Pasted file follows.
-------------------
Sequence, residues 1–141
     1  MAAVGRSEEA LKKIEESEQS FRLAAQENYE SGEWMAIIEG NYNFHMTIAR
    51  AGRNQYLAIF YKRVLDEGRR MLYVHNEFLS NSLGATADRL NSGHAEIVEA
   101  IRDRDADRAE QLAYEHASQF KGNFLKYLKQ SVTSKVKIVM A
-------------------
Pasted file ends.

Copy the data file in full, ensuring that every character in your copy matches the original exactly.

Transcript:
Sequence, residues 1–141
     1  MAAVGRSEEA LKKIEESEQS FRLAAQENYE SGEWMAIIEG NYNFHMTIAR
    51  AGRNQYLAIF YKRVLDEGRR MLYVHNEFLS NSLGATADRL NSGHAEIVEA
   101  IRDRDADRAE QLAYEHASQF KGNFLKYLKQ SVTSKVKIVM A